‘BELIEVING IN’ THEATRICAL PERFORMANCES
Where to begin? From history? History of events and institutions? History of ideas? The history of what Max Weber called the ‘external conditions’ of the age? Alternatively, we might start from language, a category that comprises both verbal and visual language systems as well as particular words and images. I choose the latter option.
‘Enter Cælia, the Fairy Queen,in her night attire’ is a stage direction in the manuscript text of Tom a Lincoln, an anonymous theatrical romance that dates from around 1611. The play’s hero is the Red Rose Knight. Thomas Heywood may have written it, possibly for staging at Gray’s Inn, but it was never published, and perhaps not even performed.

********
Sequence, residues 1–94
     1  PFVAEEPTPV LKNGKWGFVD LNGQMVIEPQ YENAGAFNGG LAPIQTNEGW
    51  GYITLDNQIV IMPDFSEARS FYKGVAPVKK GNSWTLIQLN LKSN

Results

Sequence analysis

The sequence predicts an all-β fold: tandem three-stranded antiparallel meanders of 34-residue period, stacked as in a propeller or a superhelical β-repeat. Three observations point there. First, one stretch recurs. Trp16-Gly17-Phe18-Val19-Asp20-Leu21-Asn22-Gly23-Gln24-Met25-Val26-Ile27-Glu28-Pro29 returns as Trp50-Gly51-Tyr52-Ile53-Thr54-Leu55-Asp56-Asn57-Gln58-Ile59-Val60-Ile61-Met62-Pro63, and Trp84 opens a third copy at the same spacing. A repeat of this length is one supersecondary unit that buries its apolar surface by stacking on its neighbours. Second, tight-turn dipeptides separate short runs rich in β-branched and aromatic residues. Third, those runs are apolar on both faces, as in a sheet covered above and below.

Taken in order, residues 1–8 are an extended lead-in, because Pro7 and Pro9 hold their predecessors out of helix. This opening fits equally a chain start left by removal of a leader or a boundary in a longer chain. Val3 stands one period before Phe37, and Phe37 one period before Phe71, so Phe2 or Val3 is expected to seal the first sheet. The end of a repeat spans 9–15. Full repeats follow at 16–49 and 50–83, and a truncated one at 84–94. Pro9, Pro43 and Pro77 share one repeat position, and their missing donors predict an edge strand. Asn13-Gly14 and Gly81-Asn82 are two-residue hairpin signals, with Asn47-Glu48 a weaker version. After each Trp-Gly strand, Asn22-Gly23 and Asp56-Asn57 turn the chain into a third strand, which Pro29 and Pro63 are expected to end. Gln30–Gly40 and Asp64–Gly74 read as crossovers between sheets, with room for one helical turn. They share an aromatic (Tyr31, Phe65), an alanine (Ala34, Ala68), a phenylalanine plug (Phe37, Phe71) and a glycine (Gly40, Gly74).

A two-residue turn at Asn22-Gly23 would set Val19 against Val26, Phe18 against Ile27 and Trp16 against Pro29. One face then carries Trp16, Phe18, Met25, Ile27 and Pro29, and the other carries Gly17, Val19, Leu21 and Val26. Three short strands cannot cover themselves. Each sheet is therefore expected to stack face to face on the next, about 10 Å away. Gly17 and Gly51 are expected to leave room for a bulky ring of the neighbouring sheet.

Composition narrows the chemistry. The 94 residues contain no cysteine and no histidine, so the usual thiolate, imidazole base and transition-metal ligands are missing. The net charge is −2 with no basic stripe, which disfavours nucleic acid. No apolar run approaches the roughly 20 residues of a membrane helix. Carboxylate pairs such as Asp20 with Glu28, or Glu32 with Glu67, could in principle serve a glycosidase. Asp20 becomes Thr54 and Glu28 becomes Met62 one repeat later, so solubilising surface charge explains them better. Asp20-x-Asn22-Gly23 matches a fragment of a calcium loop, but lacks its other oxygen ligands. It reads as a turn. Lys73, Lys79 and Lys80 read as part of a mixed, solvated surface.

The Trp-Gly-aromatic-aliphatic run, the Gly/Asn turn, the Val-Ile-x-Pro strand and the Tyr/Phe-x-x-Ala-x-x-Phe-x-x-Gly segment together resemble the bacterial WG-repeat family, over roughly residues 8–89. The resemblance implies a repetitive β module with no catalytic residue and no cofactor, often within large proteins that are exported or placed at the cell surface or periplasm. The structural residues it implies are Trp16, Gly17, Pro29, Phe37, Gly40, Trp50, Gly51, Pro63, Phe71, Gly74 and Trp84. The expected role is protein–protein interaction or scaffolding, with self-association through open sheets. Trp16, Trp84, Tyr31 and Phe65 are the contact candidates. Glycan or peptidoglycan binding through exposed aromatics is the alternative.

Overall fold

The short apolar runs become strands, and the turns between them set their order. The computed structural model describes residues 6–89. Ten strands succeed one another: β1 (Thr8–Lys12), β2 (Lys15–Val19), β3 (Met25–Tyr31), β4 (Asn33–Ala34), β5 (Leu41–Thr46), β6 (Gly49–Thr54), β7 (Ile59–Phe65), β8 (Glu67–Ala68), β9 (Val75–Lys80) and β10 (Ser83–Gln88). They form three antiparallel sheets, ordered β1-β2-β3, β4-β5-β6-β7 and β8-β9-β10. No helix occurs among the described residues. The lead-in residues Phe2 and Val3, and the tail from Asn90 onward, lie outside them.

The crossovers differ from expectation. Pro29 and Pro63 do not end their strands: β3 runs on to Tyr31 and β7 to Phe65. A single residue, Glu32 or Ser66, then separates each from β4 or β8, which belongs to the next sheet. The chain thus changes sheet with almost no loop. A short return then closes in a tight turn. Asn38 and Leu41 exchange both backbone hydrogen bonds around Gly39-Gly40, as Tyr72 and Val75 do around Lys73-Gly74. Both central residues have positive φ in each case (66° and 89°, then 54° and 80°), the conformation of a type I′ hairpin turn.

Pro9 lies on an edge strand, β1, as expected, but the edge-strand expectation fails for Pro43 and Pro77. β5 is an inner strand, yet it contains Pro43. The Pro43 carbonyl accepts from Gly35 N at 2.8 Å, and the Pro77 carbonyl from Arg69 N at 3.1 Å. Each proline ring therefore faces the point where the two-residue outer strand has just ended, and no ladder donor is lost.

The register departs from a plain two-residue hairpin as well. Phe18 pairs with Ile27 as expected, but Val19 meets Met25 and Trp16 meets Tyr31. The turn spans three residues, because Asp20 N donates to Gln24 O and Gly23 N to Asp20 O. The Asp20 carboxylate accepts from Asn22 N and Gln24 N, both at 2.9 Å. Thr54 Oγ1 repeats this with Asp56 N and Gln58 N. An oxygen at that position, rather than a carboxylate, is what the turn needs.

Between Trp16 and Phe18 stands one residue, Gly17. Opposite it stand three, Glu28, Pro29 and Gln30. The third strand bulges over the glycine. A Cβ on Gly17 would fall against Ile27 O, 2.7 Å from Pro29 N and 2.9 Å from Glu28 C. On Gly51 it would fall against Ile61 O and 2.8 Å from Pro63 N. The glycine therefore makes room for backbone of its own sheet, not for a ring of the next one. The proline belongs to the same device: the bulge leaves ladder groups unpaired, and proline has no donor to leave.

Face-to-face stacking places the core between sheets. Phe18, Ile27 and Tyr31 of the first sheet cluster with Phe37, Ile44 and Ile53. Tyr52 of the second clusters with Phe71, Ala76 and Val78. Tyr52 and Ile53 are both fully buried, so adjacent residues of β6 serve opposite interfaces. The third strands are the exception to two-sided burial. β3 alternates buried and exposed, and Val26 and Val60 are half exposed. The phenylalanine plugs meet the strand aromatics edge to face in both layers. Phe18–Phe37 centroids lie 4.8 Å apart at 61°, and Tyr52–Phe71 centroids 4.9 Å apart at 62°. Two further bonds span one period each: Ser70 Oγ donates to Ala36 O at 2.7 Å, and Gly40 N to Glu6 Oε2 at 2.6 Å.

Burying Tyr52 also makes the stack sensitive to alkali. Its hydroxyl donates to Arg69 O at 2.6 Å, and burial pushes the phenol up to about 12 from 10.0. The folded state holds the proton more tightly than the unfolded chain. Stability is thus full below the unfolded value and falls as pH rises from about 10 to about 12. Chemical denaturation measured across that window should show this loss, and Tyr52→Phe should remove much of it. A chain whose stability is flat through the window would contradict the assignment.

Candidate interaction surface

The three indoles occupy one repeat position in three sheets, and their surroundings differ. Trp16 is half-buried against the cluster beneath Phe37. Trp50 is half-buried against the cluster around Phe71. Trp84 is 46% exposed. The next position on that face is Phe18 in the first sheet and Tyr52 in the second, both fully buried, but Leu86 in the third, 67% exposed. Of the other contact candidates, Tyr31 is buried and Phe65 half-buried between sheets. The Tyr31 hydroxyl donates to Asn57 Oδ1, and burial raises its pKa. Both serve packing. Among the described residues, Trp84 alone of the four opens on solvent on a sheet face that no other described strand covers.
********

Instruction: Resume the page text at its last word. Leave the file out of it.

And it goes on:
What does the stage direction signify? A search of the corpus of early modern drama reveals that a player in night attire was in fact a stock theatrical image, one that signified that his character was vexed or confused. In the ‘closet’ scene of the first quarto of Hamlet, we find ‘Enter the Ghost in his night gown’. Heywood’s Fairy Queen, accompanied by a court of night-tripping fairy Amazons, had been abandoned by her lover … like Dido. So, fairies or ghosts in night attire serve as signs requiring to be read, not as visible representations of substantial creatures, real or imagined that might be seen. Shakespeare frequently referred to players as ‘shadows’ … the word could also designate ‘figures’ or ‘types’. More particularly, the Swiss artist Henry Fuseli (a friend of William Blake), whose pictures of fairy topics are impressively both suggestive and informed, described dreams as ‘personification[s] of sentiment’: the implication is that, to be understood, they need to be translated.